Va’etchanan – “And I Pleaded”

This weeks Torah portion is entitled “Va-etchanan” meaning – “And I pleaded”. It covers Deuteronomy 3:23-7:11.

Moses is covering the events of the last 40 years in the desert. Here, Moses is using the experiences and failures of the past 40 years to instruct and warn the nation of Israel about the manner in which they should conduct themselves in the promised land once they cross over and possess it. It almost reminds me of a parent giving you fair warning about behaving and not acting up when going over other people’s houses.

Moses continues to impress upon the people the seriousness of the situation almost pleading with them. He uses words like ” You saw with your own eyes what the Lord did at Baal Peor.” and “Only be careful, and watch yourselves closely so that you do not forget the things your eyes have seen” He instructs them on how to conduct themselves and reminds them that Adonai is real, He’s watching and will be with them. He commands them to be obedient to the Lord and to completely avoid Idolatry going so far as to say should they get comfortable in the land and begin to dabble in idolatry, and I quote, “you will quickly perish from the land” “You will not live there long and will certainly be destroyed.” “The Lord will scatter you among the peoples, and only a few of you will survive among the nations to which the Lord will drive you. There you will worship man-made gods of wood and stone, which cannot see or hear or eat or smell.”

The Parasha continues in Chapter 4 where Moses sets aside 3 cities of refuge. And I’m going to circle back and dive deeper into these in just a few minutes.

Moses then presents the law to the Nation of Israel. The Law contains 613 commandments but only 10 of them are emphasized here. Yeshua summed up those 10 by saying that the most important of these are to love God with all of your heart soul and might and to love your neighbor as yourself.

The Shema is found in Chapter 6. The declaration of our God being Echad or One. In Hebrew, the word Echad can be a picture of two or more separate things coming together to make one thing. Like two individuals who get married, and they become Echad. They are two separate people but yet they are one in union. Adonai is just like that. God the Father, God the Son and God the Holy Spirit are all three separate entities. Yet, we do not worship 3 Gods. They are Echad. We worship One God.

So much has been written and discussed about the 10 commandments and the Shema. But you don’t hear a lot about cities of refuge and yet they are a perfect foreshadowing of the refuge that Yeshua provides and the manner in how he provides it.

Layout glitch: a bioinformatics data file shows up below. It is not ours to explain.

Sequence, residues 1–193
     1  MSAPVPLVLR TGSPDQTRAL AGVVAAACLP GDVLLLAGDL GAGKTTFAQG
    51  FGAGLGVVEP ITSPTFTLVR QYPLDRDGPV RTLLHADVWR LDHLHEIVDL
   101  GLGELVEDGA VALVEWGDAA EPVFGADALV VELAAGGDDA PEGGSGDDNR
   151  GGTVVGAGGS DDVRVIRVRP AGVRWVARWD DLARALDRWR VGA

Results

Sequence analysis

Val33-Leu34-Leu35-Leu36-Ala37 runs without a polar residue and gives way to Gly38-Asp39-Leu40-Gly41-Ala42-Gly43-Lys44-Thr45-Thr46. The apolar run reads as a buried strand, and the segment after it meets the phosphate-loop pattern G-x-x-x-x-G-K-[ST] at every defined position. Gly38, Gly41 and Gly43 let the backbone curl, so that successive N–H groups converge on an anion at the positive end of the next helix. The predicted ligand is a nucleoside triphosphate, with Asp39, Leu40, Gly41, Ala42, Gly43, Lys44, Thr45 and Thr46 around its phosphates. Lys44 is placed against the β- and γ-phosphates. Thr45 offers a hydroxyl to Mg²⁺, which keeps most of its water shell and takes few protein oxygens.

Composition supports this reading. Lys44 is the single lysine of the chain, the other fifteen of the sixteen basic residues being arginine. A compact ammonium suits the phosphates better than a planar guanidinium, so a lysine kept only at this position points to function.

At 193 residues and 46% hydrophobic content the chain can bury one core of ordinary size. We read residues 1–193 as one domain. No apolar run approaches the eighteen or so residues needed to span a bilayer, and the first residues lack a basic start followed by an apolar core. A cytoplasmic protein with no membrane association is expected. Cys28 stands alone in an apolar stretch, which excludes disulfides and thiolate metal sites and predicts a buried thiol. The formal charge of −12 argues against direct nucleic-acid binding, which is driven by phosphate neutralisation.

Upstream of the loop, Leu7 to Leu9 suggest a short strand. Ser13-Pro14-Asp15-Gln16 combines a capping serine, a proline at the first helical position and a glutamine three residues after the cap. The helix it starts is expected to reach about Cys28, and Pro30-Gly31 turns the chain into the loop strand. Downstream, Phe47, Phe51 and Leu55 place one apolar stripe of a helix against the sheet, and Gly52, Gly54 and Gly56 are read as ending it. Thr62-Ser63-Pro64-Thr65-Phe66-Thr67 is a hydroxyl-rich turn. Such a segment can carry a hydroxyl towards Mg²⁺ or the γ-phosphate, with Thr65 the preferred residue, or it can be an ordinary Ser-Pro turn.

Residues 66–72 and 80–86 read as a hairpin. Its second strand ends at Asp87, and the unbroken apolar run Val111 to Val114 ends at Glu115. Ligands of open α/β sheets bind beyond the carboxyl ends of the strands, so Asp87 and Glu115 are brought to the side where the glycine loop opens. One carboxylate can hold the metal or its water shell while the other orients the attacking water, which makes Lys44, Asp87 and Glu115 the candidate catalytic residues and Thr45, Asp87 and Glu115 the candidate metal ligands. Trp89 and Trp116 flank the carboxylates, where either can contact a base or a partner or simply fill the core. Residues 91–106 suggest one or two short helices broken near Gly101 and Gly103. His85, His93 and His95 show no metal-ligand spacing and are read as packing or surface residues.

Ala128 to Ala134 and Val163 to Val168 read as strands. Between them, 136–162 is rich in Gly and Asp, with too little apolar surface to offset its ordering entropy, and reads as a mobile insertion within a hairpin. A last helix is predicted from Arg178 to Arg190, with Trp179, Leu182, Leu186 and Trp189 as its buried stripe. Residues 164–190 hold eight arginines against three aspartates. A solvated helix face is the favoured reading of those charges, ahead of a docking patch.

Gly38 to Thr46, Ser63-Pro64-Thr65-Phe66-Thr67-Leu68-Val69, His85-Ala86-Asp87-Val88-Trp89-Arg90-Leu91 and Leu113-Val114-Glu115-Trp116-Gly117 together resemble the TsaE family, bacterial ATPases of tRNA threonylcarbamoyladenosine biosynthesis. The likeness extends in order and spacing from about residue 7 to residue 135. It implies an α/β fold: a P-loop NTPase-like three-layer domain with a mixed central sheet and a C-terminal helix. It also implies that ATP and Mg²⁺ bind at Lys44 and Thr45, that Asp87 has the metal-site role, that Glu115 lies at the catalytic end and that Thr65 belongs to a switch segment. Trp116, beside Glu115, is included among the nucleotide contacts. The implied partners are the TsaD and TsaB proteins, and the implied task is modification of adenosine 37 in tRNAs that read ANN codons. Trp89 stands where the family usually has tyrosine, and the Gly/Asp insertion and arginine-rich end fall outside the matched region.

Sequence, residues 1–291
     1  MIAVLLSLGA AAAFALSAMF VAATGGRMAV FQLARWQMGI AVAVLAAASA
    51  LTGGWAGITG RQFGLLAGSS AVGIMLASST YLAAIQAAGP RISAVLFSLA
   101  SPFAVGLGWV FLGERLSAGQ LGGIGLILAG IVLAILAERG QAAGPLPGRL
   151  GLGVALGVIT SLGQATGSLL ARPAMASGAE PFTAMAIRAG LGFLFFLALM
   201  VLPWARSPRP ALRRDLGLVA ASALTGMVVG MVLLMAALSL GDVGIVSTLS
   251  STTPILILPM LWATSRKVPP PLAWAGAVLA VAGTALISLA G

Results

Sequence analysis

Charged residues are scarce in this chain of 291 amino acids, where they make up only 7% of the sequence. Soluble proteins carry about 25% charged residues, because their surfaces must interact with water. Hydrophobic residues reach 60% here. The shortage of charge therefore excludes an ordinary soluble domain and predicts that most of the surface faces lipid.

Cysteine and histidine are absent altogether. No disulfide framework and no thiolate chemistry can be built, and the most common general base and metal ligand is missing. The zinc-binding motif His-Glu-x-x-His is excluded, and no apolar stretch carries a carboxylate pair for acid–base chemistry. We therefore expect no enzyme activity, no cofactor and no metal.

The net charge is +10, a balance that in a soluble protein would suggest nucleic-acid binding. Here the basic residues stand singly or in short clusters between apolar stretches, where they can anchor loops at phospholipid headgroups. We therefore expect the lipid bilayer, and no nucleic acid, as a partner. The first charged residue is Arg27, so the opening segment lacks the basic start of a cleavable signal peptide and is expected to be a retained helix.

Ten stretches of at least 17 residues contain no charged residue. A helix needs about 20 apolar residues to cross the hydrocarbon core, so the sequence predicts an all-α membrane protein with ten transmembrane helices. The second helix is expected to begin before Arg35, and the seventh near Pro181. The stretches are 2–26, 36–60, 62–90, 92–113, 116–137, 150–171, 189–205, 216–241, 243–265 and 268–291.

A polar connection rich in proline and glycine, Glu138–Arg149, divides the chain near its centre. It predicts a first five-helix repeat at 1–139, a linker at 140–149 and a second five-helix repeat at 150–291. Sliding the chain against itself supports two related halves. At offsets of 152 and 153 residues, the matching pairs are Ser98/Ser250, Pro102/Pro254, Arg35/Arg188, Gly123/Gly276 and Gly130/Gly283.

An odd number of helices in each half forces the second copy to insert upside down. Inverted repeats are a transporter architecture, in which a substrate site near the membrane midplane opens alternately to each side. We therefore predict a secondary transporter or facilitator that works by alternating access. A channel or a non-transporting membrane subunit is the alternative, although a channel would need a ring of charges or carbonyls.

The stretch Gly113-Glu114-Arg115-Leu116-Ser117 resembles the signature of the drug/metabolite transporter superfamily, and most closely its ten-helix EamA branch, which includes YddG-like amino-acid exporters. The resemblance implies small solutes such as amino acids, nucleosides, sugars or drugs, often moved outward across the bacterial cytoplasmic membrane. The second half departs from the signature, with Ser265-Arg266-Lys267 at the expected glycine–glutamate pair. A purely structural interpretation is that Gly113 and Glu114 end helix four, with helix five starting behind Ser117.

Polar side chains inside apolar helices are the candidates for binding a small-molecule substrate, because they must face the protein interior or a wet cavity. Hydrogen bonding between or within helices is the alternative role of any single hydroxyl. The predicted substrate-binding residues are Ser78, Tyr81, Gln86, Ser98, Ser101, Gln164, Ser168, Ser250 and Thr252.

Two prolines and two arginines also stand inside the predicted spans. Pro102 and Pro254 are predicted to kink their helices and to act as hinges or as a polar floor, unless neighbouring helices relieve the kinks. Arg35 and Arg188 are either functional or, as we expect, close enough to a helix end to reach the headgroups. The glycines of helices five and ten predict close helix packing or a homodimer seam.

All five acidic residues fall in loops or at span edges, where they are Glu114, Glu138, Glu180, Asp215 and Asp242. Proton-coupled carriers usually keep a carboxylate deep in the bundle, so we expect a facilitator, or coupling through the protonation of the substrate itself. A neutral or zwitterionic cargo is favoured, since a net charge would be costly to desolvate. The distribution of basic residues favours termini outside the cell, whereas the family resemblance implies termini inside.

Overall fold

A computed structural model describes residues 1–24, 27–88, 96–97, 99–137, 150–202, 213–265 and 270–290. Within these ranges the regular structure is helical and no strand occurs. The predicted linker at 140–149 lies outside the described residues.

The law of manslaughter was not instituted until around the 7th century in Greece. So during Biblical times, they didn’t have the same court structure or laws as they do today. In addition, they had a custom back then that if someone in your family was murdered, you had the right to seek revenge and kill him who killed your loved one. Now mind you, this was a custom, not a law from God nor did he support this custom because the Lord tells us in Deuteronomy 32 and other places that Vengeance is His.

So He had Moses establish a total of 6 cities used as cities of refuge. These are discussed in greater detail in the Books of Numbers and Joshua. In our Parasha, 3 are discussed. These three cities were chosen on the eastern side of the River Jordan and they were named Bezer, Ramoth, and Golan.

In order to qualify and gain entrance into the city you had to have killed someone unwittingly or unknowingly. You and I are guilty of putting someone to death as well. You and I put Yeshua on that cross.

Yeshua died because of us and our sins. But we killed him unwittingly and unknowingly. Remember when He was on the cross, He said “Father forgive them for they know not what they do.”

We were guilty, we needed forgiveness we needed a place of refuge and Yeshua has provided Himself as a refuge for us.

The name Bezer means fortification. There is a theme woven throughout several Old Testament passages where a wall, a fence, or a fortress provides a measure of protection from one’s enemies. Walls, fences, and fortresses were physical barriers to unauthorized entry.

Yeshua is that physical barrier, our fortification so that Satan cannot make an unauthorized entry into our souls. But fortifications did have gates. And if we are not careful, we can allow Satan to come into one of these gates.

But Proverbs Chapter 18 verse 10 says: The name of the LORD is a strong tower; The righteous run to it and are safe. And the Psalmist says God is our Refuge and strength.

Ramoth means exalted or a high place. In the Hebrew, the word high means elevation, or height.  In the Greek it speaks of above the sky or heavenly.  So, when we talk about high places it is the same as talking about heavenly places. Or the places where Yeshua dwells.

When Yeshua returns to Earth to set up his millennium kingdom he will rule from on top of Jerusalem. Jesus is always associated with high places because he is the King of Kings and Lord of Lords.

Some of the names of these cities of refuge describe Yeshua our savior and protector, who is our refuge. He is our very present help in trouble. He is holy. He is a shoulder for us to lean on. He is our very best friend. We can fellowship with Him, when no one wants us.  He builds a hedge or a fortress around us, He is our fortification. He is our joy {exaltation}. If you have not accepted Yeshua as your Savior, I encourage you to do so today and allow Him to be your Refuge.

Shabbat Shalom Everyone.